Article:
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lap or no lap

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Discussion Starter #1
About half way through the 685 build, valves are out and clean, head soda blasted clean - waiting on vinton seals ... So while Sherman and I were hanging out, I took a moment to read up on lapping valves in this particular machine. The advice is all over the place from never to light to yes on klr dot net. I have always lightly lapped valves when given the change - kind of a matter-of-course - on a rebuild ...

What does sage wisdom say here ... I'll get a pic of the seat and valve soonest ... but for the theory, let's proceed please.:nerd:
 

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A good lap dance, err I mean Valve lap job is a good thing. Do you know what is even better for your KLR cylinder head?

Narrowing the valves seat to near Minimum Specs! It increases the psi of seating spring pressure.

I'll about bet your valves have 2+ mm of contact surface. Maybe as much as 3 mm?

Specs call for .8 - 1.2 mm. That is .032 - .048 inch.

The work hardened surfaces will retain adjustment far longer, because of less seepage from both lapping & narrowing.
 
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To do a quick clean-up of the valve face and seat? Sure!

As a substitute for a valve job, when things are marginal and that is what is really called for? NOT!
 

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Discussion Starter #5
sounds great!

A good lap dance, err I mean Valve lap job is a good thing. Do you know what is even better for your KLR cylinder head?

Narrowing the valves seat to near Minimum Specs! It increases the psi of seating spring pressure.

I'll about bet your valves have 2+ mm of contact surface. Maybe as much as 3 mm?

Specs call for .8 - 1.2 mm. That is .032 - .048 inch.

The work hardened surfaces will retain adjustment far longer, because of less seepage from both lapping & narrowing.
ok ... I like the idea and know a small seat is better. 1.6 on the intake and 1.4 on the exhaust ... ya got one of them-there fancy videos on how to make a smaller dance seat to give the best valve-job?

Thanks for keeping it real
 

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Discussion Starter #7
Just found this video ...
... No active milling or lapping but pretty good overall flow ... Maybe I'll just lapp them a little and go on with the day :-D
 

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Discussion Starter #8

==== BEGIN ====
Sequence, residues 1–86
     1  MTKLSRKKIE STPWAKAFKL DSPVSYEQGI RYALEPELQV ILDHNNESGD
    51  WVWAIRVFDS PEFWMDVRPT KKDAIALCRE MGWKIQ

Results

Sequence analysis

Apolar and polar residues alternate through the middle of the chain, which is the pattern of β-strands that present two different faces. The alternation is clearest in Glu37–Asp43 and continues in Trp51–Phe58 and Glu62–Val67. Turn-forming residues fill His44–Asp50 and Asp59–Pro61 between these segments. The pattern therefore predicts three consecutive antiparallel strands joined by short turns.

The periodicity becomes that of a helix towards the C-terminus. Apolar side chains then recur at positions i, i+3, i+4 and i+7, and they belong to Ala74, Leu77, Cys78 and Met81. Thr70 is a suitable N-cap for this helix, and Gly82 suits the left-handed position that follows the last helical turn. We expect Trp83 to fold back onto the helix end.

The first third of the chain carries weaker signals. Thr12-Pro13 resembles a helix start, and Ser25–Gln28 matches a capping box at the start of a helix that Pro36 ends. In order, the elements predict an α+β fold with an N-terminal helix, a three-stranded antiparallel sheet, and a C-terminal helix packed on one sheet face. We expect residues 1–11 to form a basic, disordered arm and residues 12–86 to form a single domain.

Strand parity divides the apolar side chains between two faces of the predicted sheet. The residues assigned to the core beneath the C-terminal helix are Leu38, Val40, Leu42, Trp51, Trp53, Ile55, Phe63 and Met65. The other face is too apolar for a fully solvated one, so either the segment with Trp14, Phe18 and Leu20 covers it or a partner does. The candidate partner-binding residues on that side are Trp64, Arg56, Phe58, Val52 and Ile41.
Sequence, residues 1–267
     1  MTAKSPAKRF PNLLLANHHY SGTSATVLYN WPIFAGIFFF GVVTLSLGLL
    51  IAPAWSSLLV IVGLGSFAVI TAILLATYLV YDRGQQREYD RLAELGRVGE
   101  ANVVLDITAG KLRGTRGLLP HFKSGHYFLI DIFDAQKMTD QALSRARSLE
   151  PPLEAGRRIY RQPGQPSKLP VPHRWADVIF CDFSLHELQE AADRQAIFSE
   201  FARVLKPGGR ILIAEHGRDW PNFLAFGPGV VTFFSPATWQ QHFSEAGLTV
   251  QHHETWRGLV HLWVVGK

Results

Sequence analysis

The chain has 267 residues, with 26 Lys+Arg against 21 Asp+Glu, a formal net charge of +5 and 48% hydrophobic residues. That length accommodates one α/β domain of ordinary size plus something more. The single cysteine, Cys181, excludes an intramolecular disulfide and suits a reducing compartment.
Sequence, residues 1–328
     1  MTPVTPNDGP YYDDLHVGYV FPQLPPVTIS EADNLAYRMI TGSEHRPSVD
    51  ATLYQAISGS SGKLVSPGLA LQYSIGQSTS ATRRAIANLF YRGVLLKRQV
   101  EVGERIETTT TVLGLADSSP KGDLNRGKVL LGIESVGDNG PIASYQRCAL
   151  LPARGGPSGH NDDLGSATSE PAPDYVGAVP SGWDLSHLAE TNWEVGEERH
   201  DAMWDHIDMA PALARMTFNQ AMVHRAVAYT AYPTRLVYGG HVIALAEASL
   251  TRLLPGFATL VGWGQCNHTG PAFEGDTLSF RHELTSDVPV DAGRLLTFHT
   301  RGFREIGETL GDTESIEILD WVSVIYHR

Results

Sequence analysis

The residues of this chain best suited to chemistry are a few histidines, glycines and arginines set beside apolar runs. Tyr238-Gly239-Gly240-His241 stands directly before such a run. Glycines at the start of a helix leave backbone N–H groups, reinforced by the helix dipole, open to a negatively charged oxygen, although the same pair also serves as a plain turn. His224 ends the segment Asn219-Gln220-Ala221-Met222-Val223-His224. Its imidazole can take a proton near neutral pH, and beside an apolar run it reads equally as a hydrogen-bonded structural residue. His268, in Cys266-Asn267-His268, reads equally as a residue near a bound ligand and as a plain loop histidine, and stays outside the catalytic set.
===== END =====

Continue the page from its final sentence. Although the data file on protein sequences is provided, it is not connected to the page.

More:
Another thought - are the stock valves SS or titanium? - hard to find and answer. I feel like I am swimming in the deep end of the pool now . HA!
 

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Stock KLR650 valves are not SS nor titanium. Just good old fashioned Hi-carbon steel.

I dis-agree with the video seat width. But I do understand your lack of proper cutters & their price tag.
 

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Discussion Starter #10
A magnet won't stick to the exhaust valves (does to the intake) and they don't look like stainless ...
 

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Those are stock valves (the "E" gives that away). They should be magnetic, indicating a carbon steel.


They could be stainless, as most stainless is magnetic; the only class of stainless that is non-magnetic is austenitic stainless. However, the most common stainless valve material happens to be austenitic.

A magnet not sticking to a valve, then, is an indication that the valve is stainless. But a magnet sticks to the stock valves shown above!
 

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Sherman, I never had reason to stick a magnet on the stock KLR valves that I've removed. So I could be incorrect.

When their faces look like your seat surfaces I replace them. Re-facing the valves calls for even more trimming of the stems, so I don't re-face.

To be 100% honest I didn't like the looks of the surface of the 45 degree seats or their widths.

You should check on Eagle Mike web site for cylinder head re-furbishing, very good price. Are you in the lower 48 states?
 

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Discussion Starter #14
Tom - Thanks for the quick note back and the metal lesson - I love that stuff! So stock stainless and they can be lapped? Definitely not magnetic. would the titanium be magnetic - guessing not - and if not, how to tell the difference i.e. did they use titanium valves stock not market with and "E"? How many sets of valves have you gone through to hit your 80k miles?

PD - In Virginia - agree that they are getting worn - probably at 18 - 20k (back to the spedo). Money is getting tight for this iteration though - Lots of mods this go around (320 rotor, ss brake lines, klr jet kit, 685 kit and bore from EM - Will they, in your opinion (IYO), last a season? My preference is to do everything but reality is bumping up against the order... wider seats with a fresh lapping might have to be there until the next valve adjustment - I have an extra head gasket - Answering why a $2500 bike needs $700 (plus the valve job) would be hard to explain.